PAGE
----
sudo rdalsaconfig

Once that’s done, let’s bop Apache on the head quickly. Note you only need this is if you’re running a single machine setup or if you’re installing on the machine you want to run import/export jobs on. There’s no harm in having apache/rdxport available, but it’s unneeded overhead if you’re going to delegate to other boxes anyway. Still, say we wanted to install it…

sudo apt-get install apache2
sudo cp conf/rd-bin.conf /etc/apache2/conf.d/
sudo service apache2 restart

Simple, right? Right. Let’s move on and get MySQL sorted out. This is for the main server only if you’re doing client-server stuff; you’ve already got the MySQL client installed if you’re building a client to connect to another existing MySQL server. Run this and when prompted, give it a nice secure password.

sudo apt-get install mysql-server

Let’s get the DB and sound path created and check all is well. Run this and when prompted enter your MySQL root password and the username ‘root’ (if this is your first DB – otherwise, it should just open. Close it, ignore any errors).

sudo mkdir /var/snd
sudo chown rivendell:rivendell -R /var/snd

Okay. We’ve only got to sort one little snag out before we’re good to go- making sure Rivendell services come up cleanly on startup of the machine. There’s complications here, specifically /var/run which gets purged on startup by Ubuntu. Rivendell expects /var/run/rivendell to exist and the rivendell user/group to be able to write there- PIDs are stored for various processes here. Let’s fix that by tweaking our initscript, then set the initscript to start Rivendell on boot.

sudo nano -w /etc/init.d/rivendell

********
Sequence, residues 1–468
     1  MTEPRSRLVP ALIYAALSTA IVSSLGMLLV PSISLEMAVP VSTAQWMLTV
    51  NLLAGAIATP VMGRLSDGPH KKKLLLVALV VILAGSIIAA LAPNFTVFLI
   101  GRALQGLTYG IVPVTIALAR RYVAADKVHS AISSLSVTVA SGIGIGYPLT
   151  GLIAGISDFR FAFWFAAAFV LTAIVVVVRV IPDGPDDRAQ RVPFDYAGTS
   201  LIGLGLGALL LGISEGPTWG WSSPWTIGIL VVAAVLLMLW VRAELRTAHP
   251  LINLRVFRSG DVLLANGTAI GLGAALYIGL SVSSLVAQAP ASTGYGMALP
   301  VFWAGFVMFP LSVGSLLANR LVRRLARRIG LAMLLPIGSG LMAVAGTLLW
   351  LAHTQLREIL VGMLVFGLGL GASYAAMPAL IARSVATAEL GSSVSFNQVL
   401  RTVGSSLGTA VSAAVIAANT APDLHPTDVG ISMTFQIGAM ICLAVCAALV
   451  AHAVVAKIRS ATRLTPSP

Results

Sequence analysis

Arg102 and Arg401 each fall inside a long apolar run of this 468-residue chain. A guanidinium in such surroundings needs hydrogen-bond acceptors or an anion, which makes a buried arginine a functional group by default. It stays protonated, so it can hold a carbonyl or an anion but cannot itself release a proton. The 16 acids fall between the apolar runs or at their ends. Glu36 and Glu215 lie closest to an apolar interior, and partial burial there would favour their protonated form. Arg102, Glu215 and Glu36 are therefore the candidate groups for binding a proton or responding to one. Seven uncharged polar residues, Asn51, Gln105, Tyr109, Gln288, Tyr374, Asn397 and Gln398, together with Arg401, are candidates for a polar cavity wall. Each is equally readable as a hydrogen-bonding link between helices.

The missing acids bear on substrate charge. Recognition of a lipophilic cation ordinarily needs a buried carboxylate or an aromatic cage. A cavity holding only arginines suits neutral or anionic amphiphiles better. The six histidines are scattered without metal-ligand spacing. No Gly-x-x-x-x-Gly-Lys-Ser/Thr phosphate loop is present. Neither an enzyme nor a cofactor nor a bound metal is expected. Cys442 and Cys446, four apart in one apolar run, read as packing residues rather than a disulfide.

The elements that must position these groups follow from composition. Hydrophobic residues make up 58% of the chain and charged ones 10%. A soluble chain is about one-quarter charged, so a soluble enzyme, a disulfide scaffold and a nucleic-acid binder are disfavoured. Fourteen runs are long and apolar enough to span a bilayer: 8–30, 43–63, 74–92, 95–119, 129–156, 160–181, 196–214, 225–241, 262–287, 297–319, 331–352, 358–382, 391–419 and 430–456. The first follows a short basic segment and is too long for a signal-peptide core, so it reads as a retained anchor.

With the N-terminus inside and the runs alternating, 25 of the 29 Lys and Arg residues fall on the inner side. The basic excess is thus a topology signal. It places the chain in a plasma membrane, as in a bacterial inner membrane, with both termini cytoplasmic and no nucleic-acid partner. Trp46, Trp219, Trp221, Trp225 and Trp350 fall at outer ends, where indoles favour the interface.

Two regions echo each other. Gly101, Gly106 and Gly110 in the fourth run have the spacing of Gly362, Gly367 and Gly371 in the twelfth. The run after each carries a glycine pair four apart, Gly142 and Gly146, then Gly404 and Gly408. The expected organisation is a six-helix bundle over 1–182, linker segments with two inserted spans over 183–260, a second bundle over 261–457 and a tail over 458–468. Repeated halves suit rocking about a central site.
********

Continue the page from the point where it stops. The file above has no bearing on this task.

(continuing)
In that script, add the following line before the line that reads ‘function StartDaemons’.

mkdir /var/run/rivendell 2>/dev/null

Okay, now run this- this will make Ubuntu start the daemons on boot.

sudo update-rc.d rivendell defaults

One last thing – edit /etc/pulse/client.conf and uncomment the autospawn=yes line, and set it to no. This stops pulseaudio taking over the sound card so ALSA can get at it.

sudo nano -w /etc/pulse/client.conf # (then do the edit)
sudo killall pulseaudio

And now we reboot and if everything went to plan, you should now have a working Rivendell installation on your system! Check for ripcd/caed/rdcatchd running, fire up rdadmin and friends, and get to configuring your perfect station.

A few observations

Currently there’s a segfault in Rivendell 2.0.2 with some ALSA cards. If caed doesn’t start up and /var/log/messages has a pile of caed output and then a segfault and you’ve got multiple cards available to you in rdalsaconfig, try disabling/enabling each one till you find a working one. Use ‘sudo service rivendell restart’ to restart the daemons without rebooting.